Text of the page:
Richard North, 23/06/2013  


I think we've given the "Article 50 debate" a fair airing, putting the case for using this Article, the arguments spilling over into the Booker columns and in a useful series of posts by Boiling Frog and others. In the public domain, though, it's really been Booker who has kickstarted the debate, telling us that Article 50 is "the only way" to tackle the "EU mess".

But, according to UKIP economic advisor, Tim Congdon, we should not be doing this at all. Having recently published an article in Standpoint, he has attached a copy to a round-robin e-mail, the text of which is here, with an edited version appearing in this month's eurofacts.

According to this e-mail, the Article 50 debate is "unfortunate", and any idea that it is the only hope for our leaving the EU is "rubbish". Congdon complains that he has had "numerous discussions with UKIP supporters about the irksome and irrelevant article 50", and that such discussions are "a waste of time".

"Too many people are conned by this sort of thing", he says, emphasising that it, "is devised by the EU bureaucracy to divert us from our one and only goal, which must be full independence". And by this he means "full independence from the EU, just as Australia, Canada and over 150 other countries have".

Here, one has to acknowledge that this is no democrat talking. The democrat welcomes debate, is happy to discuss the issues and uses the opportunities afforded to convey the message. And Congdon not only seeks to suppress debate, he does so on the basis of entirely spurious reasons, and without a scintilla of evidence.

In this, what troubles me most is the constant refrains for unity amongst eurosceptic campaigners, the sub-text of which invariably points towards the "dissidents" getting behind the UKIP leader and supporting the UKIP message - never the other way around.

Insofar as there is a UKIP message on Article 50, Congdon seems to speak for the many.  This would appear to be the message I must get behind.  Yet how could I possibly support something which is so wrong-headed? And, since he goes out of his way to promulgate his message, how can I even ignore it?

Thus, when it comes to "splitting", or the dilution of effort of which so many complain, who is actually responsible for creating the schisms? Congdon must know – and if he does not, he should – that I have been one of the leaders in the field on Article 50, and that Booker and I speak as one on the subject.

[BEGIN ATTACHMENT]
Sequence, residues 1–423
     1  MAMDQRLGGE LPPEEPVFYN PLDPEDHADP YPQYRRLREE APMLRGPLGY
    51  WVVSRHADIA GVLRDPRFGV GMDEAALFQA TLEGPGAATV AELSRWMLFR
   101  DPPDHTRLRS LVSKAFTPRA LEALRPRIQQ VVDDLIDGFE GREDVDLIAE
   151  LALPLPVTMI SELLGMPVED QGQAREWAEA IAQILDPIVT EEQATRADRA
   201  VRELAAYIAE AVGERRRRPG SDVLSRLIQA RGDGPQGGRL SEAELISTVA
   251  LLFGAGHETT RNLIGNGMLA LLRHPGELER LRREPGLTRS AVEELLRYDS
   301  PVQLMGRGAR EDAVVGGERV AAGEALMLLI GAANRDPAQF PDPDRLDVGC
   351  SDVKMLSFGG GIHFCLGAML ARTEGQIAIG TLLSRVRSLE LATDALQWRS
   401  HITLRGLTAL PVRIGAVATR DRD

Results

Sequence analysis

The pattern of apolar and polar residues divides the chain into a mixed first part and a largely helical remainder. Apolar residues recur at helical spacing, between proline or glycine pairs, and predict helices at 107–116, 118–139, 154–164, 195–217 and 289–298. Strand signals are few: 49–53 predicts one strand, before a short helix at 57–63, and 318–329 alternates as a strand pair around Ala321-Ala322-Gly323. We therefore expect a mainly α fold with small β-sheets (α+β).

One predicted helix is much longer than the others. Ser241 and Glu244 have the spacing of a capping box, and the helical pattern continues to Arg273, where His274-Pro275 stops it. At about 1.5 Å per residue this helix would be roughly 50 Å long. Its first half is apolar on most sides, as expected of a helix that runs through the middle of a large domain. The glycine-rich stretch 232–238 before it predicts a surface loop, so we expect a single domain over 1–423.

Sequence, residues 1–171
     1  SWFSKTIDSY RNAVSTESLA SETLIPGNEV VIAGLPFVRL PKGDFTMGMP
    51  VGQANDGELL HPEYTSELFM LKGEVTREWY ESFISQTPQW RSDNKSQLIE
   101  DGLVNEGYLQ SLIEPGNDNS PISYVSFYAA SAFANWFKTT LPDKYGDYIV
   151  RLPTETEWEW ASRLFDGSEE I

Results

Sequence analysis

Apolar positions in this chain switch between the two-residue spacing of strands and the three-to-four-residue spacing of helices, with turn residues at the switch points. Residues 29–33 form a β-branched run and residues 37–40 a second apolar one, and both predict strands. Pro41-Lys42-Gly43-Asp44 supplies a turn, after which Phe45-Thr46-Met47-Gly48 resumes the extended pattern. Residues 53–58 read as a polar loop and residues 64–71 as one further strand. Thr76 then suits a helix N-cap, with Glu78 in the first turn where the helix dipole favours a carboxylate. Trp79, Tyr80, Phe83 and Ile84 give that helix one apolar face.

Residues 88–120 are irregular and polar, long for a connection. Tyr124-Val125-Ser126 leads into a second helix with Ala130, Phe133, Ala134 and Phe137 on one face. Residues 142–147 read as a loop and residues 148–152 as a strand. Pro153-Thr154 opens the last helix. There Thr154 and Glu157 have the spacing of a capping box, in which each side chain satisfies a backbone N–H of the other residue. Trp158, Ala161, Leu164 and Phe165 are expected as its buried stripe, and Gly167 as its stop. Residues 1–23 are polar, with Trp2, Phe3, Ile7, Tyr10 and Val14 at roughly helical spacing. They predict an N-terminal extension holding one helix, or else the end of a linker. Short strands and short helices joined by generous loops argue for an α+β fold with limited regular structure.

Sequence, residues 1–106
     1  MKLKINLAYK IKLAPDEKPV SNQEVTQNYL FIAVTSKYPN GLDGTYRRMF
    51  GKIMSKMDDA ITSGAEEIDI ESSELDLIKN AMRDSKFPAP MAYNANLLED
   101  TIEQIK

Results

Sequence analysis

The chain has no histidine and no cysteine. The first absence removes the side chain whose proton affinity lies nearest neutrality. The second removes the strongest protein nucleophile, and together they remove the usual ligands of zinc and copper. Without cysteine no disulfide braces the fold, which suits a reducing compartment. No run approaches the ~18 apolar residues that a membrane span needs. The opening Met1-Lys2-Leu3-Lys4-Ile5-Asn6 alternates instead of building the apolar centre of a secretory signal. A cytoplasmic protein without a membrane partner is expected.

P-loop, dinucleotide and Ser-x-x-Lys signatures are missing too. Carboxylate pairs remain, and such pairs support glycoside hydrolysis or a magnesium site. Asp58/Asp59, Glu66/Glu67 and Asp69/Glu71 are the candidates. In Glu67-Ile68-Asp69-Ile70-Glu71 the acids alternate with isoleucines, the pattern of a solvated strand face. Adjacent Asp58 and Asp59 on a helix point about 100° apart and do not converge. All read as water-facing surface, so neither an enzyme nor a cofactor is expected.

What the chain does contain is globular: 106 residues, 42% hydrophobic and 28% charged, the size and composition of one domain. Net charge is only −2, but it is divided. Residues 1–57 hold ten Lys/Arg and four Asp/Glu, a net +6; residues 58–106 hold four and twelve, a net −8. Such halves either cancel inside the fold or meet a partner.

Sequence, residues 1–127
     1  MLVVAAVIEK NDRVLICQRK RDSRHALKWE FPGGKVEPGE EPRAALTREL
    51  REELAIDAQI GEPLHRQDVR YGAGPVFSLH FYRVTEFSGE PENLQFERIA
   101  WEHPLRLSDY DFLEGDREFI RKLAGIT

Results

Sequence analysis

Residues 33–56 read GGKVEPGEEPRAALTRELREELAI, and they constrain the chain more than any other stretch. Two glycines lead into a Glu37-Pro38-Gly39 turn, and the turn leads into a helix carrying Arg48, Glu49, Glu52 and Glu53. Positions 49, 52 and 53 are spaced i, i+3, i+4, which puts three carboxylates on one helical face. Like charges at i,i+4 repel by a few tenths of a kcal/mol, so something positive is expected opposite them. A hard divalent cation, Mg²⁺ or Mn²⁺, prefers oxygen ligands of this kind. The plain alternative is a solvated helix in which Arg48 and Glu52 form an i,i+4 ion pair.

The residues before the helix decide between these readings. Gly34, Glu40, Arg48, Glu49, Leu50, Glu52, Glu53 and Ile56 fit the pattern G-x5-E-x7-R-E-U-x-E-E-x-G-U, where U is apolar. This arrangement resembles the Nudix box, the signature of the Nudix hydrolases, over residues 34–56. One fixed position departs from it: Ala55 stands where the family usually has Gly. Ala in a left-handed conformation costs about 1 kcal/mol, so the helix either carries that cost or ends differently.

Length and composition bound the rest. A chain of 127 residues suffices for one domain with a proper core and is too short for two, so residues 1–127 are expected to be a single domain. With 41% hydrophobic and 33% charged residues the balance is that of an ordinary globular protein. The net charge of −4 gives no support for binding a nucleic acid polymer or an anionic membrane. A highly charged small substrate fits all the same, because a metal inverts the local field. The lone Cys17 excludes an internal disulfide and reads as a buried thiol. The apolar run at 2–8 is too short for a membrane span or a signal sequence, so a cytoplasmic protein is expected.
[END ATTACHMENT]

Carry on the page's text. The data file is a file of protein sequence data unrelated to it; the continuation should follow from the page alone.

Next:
To dismiss our views on Article 50 as "rubbish" – and that is what he is doing – is a studied insult, and an insult to someone who knows far better than he the background to this provision.

Some of this I explained in an earlier piece, based on original research and from interviewing Alterio Spinelli's political advisor. This information checks out, but I doubt Congdon has done me the courtesy of reading it.

Yet, if we take it further, we can look at the more recent history of Article 50, noting that it was introduced in the European Convention on the Future of Europe – the opening session of which was on 28 February 2002 (pictured). And, unlike Congdon, I was there on that day and followed the proceedings, which finally drew to a close in July 2003.

If he follows the same evidential trail - of what started off as Article 59 of the draft European Constitution - he can see for himself that there is no way it was "devised by the EU bureaucracy", whether to "divert us from our one and only goal ... ", or for any other reason.

So, if we are to aspire towards unity, what am I supposed to do? Am I to fall in behind Congdon, and agree with his toxic intervention – or should I expect him to look at the evidence, argue his corner and thus come to a better and perhaps different conclusion, on which we can both agree? 

And there is the rub. Congdon says that discussions are "a waste of time". He, the advisor to The Great Leader, hath already spoken. My options, therefore, are to agree with him or to keep silent. In the interests of unity, I am not allowed a contrary view – even if it is far better informed. To express it is to be a "splitter".

The one advantage of that, I suppose, is that if we lose a referendum campaign – should we ever have one – we will at least be united in our loss. But is that our objective? Or are we in this to win, relying on open debate, criticism and discussion to project the message, rather than an exhibition of cult-like obedience and discipline?

Given that choice, those in our midst advocating unity at all costs should give some time to thinking about what they really want.

comments powered by Disqus

Log in

Sign THA

The Many, Not the Few